"Jerry" <mricad@yahoo.no000spppam.com> wrote in message <ggeq17$hj$1@fred.mathworks.com>...
> is there any way to improve the speed of the following code? I need to call it 10000 times. thanks!
>
> function m4=calm4(mwk)
> [n0,n1]=size(mwk);
> m4=0;
> for i=1:n0
> tmp1=mwk(:,i);
> for ii=1:n0
> if ii~=i
> tmp2=mwk(:,ii)*tmp1';
> m4=m4+sum(sum(tmp2))sum(diag(tmp2));
> end
> end
> end
> m4=m4/(n0*n1*(n01)*(n11));
Jerry, notice that 'tmp2' consists of every possible product between elements of the i_th and ii_th columns of 'mwk'. When you do sum(sum(tmp2)) you are taking the sum of all these possible products and by the distributive law of arithmetic that is the same as the product of the two column sums, which is a lot easier to compute.
Notice further that by similar reasoning, if we temporarily remove the restriction that ii~=i and take the sum of all possible values of these columnsum products above, this is the same as the product of the sum of all columnsums by itself, namely the square of the sum of all elements of 'mwk', which again would be an enormous simplification.
In the ii==i cases the quantity 'sum(sum(tmp2))' is simply the square of the sum of the ii_th (i_th) column, and the sum of all these would be the sum of the squares of all the column sums, again a simply quantity to compute in compensating for their erroneous inclusion in the previous paragraph.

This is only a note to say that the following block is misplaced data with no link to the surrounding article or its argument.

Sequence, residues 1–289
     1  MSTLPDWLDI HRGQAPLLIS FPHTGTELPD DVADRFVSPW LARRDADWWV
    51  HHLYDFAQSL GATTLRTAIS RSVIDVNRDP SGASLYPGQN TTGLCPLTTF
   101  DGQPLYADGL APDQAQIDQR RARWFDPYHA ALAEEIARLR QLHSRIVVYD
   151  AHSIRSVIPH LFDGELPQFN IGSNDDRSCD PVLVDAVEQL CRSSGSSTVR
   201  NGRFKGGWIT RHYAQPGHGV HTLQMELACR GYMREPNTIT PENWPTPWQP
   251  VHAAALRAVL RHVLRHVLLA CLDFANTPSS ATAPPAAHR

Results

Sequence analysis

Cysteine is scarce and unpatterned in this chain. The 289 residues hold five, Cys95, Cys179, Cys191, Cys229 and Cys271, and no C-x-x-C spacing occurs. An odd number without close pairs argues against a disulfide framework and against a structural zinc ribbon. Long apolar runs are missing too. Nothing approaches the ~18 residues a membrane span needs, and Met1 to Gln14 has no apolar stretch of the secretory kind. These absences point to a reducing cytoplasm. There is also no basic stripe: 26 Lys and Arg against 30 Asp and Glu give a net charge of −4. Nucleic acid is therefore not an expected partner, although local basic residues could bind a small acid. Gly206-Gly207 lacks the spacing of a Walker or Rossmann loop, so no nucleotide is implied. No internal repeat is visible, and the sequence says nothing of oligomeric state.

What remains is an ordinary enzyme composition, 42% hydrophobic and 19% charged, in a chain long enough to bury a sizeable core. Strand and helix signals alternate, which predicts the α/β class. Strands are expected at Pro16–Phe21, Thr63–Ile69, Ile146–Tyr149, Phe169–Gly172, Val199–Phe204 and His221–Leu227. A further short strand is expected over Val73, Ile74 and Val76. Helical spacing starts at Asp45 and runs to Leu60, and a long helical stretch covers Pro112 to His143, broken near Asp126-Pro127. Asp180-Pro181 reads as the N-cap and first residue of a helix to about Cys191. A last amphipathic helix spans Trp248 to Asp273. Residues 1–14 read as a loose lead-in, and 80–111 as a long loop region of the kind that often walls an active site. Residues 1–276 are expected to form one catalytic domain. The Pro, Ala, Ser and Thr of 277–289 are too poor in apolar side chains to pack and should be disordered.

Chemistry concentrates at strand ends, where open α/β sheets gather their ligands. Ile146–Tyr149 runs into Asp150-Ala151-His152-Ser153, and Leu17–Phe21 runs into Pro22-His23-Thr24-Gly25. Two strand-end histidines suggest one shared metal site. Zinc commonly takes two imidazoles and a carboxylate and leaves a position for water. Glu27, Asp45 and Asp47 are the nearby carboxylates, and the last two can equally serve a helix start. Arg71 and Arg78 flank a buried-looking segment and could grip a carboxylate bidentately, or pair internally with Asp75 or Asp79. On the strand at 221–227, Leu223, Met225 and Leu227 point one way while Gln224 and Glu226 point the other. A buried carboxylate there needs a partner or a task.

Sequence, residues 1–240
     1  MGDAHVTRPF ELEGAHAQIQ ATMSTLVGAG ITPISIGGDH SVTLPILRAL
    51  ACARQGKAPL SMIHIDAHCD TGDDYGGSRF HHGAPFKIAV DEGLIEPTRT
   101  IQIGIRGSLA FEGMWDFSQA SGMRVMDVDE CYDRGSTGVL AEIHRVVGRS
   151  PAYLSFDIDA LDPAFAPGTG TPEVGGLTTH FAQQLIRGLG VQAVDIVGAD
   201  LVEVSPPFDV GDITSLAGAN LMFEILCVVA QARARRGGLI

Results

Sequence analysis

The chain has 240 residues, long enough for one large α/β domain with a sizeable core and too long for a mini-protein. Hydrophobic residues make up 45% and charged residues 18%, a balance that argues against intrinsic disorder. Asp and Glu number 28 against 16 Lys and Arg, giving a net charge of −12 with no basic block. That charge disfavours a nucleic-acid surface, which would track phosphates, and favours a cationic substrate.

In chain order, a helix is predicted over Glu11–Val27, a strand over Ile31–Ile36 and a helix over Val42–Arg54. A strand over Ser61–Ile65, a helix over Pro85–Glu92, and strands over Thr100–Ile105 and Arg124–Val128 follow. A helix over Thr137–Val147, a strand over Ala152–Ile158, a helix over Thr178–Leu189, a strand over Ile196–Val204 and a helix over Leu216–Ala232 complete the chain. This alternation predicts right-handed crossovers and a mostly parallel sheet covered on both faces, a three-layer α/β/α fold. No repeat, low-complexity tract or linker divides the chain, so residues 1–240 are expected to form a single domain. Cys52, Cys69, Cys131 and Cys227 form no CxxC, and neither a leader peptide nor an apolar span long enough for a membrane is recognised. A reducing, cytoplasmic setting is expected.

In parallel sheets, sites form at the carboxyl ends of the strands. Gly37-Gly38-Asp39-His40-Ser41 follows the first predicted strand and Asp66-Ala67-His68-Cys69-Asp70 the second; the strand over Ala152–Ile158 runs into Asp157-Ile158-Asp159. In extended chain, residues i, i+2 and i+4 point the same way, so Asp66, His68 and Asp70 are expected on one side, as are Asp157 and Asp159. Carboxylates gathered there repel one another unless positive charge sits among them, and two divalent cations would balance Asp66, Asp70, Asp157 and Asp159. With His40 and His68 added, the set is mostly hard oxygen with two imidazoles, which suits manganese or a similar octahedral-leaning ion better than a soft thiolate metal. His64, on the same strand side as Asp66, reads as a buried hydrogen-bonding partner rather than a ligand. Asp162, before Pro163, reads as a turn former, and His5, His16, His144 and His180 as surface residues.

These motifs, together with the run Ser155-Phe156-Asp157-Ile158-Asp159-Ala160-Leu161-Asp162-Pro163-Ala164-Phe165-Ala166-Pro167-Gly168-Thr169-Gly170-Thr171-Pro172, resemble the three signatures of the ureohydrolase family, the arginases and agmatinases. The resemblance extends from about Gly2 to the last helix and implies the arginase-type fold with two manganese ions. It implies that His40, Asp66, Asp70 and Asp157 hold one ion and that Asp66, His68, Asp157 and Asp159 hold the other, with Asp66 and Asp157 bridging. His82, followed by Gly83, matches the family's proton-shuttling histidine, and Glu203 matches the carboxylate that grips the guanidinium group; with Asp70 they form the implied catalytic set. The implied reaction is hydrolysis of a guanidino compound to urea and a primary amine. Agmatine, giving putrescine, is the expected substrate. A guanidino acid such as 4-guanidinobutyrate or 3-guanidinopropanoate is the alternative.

The quantity 'sum(diag(tmp2))' is simply the dot product of the ii_th column by the i_th column. If we sum for every possible combination of ii and i, again ignoring the ii~=i constraint, this gives the dot product of the rowsums of 'mwk' by itself, which again is much easier to find.
Finally, for the ii==i cases 'sum(diag(tmp2))' is the dot product of the ii_th (i_th) column by itself. The sum of these must then be subtracted to compensate for their erroneous inclusion above.
I leave it to you to implement these notions.
There seems to be some confusion in your code as to whether n0 is the size of the row or the column of 'mwk'.
Roger Stafford